Chrystal Chollet-Norton isn't sure what the summer will bring, but Saturday will make the last time she coaches a home match at Rutgers.
After 25 years as the women's gymnastics coach, Chollet-Norton is putting a nifty bow on her career when the Scarlet Knights host a quartet of teams, including Cornell and Yale, at the Livingston Gym at 1 p.m. as she retires after the season.
She knows her future will include time with her pets, judging gymnastics competitions and keeping up with the Scarlet Knights.
"I'm really big into animals," said Chollet-Norton, who owns several cats. "I will probably do something with the S.P.C.A., or an animal rescue, or something like that. I'll probably pick up some hobbies. I love to read, but I haven't been able to read.
"I love to workout and run, that sort of thing, so I might get back into marathons or half-marathons."
Chollet-Norton arrived at Rutgers under tragic circumstances, and leaves having saved the gymnastics program when it was on the chopping block a few years back.
She arrived earning $5,000 a year salary and with a $2,000 budget for scholarships, and leaves the program as a full-time head coach, two full-time assistants and an increasing scholarship budget that is up to 10 thanks to fundraising, and the support of athletic director Tim Pernetti.
"Chrystal is a fighter, and has a can-do mentality, and she's always been able to overcome (financial hurdles) by fundraising," Rutgers assistant Mary Peters, who also competed for the Scarlet Knights. "The reason we have a Division I conference (East Atlantic Gymnasts League) is because of Chrystal. It's because she has always gone and fought for the sport."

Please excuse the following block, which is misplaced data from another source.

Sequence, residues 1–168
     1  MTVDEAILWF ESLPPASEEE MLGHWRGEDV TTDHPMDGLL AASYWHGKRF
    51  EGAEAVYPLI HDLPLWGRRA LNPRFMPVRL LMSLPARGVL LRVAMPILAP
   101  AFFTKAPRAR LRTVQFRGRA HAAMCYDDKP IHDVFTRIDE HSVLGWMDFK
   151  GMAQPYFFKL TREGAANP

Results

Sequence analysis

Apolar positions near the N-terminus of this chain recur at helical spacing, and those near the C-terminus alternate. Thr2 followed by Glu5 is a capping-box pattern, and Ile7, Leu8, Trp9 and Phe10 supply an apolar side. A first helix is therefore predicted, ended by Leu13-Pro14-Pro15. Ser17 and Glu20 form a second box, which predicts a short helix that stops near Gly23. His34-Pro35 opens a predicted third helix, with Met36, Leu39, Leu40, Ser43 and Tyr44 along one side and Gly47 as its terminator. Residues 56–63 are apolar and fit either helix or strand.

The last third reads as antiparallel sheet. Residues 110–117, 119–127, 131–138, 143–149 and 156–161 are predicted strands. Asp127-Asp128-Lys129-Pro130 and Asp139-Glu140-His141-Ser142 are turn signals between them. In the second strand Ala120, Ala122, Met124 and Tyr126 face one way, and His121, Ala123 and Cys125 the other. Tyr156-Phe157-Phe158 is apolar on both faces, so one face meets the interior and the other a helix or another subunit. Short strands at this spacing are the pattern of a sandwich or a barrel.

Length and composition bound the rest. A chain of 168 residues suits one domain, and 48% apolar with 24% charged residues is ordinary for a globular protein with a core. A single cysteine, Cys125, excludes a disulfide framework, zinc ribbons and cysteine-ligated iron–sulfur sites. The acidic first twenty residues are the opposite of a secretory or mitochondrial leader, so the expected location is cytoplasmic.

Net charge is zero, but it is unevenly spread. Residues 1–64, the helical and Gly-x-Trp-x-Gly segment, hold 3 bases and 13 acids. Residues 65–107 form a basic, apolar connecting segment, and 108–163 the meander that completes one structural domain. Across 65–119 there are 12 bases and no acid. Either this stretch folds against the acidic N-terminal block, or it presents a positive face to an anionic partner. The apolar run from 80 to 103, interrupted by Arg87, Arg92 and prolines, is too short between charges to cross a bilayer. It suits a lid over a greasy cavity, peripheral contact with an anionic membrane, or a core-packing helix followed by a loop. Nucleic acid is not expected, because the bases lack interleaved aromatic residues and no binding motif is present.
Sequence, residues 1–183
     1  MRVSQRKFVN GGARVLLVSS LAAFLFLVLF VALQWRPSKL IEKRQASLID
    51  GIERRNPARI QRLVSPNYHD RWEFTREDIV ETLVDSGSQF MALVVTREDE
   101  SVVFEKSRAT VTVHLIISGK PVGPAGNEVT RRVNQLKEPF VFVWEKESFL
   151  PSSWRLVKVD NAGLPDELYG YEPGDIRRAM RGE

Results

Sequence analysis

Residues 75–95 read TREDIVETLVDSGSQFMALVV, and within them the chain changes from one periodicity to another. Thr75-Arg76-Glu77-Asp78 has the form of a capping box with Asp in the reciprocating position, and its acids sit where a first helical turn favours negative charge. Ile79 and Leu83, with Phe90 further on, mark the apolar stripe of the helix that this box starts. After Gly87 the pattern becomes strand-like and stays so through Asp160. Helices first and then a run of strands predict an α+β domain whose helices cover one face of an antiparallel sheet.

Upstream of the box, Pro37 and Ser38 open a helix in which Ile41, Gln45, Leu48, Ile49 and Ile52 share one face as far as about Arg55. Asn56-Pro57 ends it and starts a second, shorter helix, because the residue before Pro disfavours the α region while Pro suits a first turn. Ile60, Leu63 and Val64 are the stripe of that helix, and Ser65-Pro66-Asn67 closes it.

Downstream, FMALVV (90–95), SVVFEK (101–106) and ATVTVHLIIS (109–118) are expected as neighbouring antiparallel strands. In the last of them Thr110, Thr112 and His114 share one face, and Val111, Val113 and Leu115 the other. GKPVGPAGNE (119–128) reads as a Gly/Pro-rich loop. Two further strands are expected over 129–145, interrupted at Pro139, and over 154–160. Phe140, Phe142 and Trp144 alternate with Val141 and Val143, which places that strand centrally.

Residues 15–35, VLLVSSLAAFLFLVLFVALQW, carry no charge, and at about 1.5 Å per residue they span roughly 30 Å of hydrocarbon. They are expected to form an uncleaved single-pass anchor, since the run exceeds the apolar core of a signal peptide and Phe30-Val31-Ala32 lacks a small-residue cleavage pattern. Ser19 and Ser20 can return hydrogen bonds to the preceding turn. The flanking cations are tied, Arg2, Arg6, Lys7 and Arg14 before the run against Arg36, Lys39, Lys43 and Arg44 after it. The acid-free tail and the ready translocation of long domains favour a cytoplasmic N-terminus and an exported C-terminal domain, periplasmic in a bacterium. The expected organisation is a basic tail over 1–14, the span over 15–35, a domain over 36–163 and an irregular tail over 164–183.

A former coach at Trenton State (now College of New Jersey), Chollet-Norton left after one of her gymnasts suffered a devastating neck injury that resulted in paralysis from the shoulders down. Adding to the psychological trauma, Chollet-Norton was the spotter.
She sought a change of scenery, and while doubling as a teacher in the Bridgewater-Raritan school district, accepted the job at Rutgers in 1986. Back then, the gymnasts trained in the College Avenue Gym, and Chollet-Norton still remembers the first day of practice.
"I remember saying, ‘The equipment is in the closet? Where does it go?' " Chollet-Norton said. "I had to take it out of the closet, put it down, and take it back into the closet."
Since then Chollet-Norton has a 247-242-1 record, including 14-7 this season, which is quite an achievement given the meager resources she inherited in the mid-1980s.
However, her biggest win won't be found in the record, or on a game report.
When former athletic director Bob Mulcahy was planning to cut sports five years ago, women's gymnastics was on the block …until Chollet-Norton hit the fundraising path even harder than usual to save it.
"I'm leaving the program, for whoever takes over, with a strong program that should go to (NCAA) Regionals next year," Chollet-Norton said. "I'm getting sad. The last's meets going to be sad."
Chollet-Norton coached 27 all-conference performers since joining EAGL in 1996, and produced 10 all-Americans in her 25-year career at Rutgers.
She will turn 60 soon, and wants to enjoy some time with her already-retired husband, James Norton.
"My husband says, ‘You're not going to be Joe Pa,' " said Chollet-Norton, referring to 84-year-old Penn State football coach Joe Paterno. "You want to be able to relate to the kids."